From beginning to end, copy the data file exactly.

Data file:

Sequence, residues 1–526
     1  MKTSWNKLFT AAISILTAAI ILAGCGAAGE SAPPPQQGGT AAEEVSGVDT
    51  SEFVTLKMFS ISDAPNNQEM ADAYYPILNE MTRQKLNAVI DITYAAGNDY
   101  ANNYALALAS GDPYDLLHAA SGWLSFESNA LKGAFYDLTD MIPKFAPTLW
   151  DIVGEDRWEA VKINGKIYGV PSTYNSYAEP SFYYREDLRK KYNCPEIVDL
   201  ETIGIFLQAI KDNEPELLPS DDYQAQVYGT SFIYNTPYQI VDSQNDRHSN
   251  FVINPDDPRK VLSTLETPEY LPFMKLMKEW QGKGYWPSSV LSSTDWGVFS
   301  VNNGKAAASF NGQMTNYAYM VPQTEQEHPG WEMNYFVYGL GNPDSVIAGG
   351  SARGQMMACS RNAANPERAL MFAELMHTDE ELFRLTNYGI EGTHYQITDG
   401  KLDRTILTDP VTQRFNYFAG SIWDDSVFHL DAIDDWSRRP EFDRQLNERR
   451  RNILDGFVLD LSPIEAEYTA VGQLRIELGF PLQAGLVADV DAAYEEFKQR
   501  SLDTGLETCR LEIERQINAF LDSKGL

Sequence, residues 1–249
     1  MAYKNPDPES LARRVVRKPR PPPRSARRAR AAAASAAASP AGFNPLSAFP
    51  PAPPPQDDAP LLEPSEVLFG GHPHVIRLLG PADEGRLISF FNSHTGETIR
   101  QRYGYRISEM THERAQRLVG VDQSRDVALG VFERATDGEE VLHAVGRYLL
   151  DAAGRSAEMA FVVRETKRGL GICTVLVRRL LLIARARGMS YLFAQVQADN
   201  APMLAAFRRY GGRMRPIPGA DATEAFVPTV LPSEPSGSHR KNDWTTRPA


Sequence, residues 1–526
     1  MKTSWNKLFT AAISILTAAI ILAGCGAAGE SAPPPQQGGT AAEEVSGVDT
    51  SEFVTLKMFS ISDAPNNQEM ADAYYPILNE MTRQKLNAVI DITYAAGNDY
   101  ANNYALALAS GDPYDLLHAA SGWLSFESNA LKGAFYDLTD MIPKFAPTLW
   151  DIVGEDRWEA VKINGKIYGV PSTYNSYAEP SFYYREDLRK KYNCPEIVDL
   201  ETIGIFLQAI KDNEPELLPS DDYQAQVYGT SFIYNTPYQI VDSQNDRHSN
   251  FVINPDDPRK VLSTLETPEY LPFMKLMKEW QGKGYWPSSV LSSTDWGVFS
   301  VNNGKAAASF NGQMTNYAYM VPQTEQEHPG WEMNYFVYGL GNPDSVIAGG
   351  SARGQMMACS RNAANPERAL MFAELMHTDE ELFRLTNYGI EGTHYQITDG
   401  KLDRTILTDP VTQRFNYFAG SIWDDSVFHL DAIDDWSRRP EFDRQLNERR
   451  RNILDGFVLD LSPIEAEYTA VGQLRIELGF PLQAGLVADV DAAYEEFKQR
   501  SLDTGLETCR LEIERQINAF LDSKGL

Sequence, residues 1–249
     1  MAYKNPDPES LARRVVRKPR PPPRSARRAR AAAASAAASP AGFNPLSAFP
    51  PAPPPQDDAP LLEPSEVLFG GHPHVIRLLG PADEGRLISF FNSHTGETIR
   101  QRYGYRISEM THERAQRLVG VDQSRDVALG VFERATDGEE VLHAVGRYLL
   151  DAAGRSAEMA FVVRETKRGL GICTVLVRRL LLIARARGMS YLFAQVQADN
   201  APMLAAFRRY GGRMRPIPGA DATEAFVPTV LPSEPSGSHR KNDWTTRPA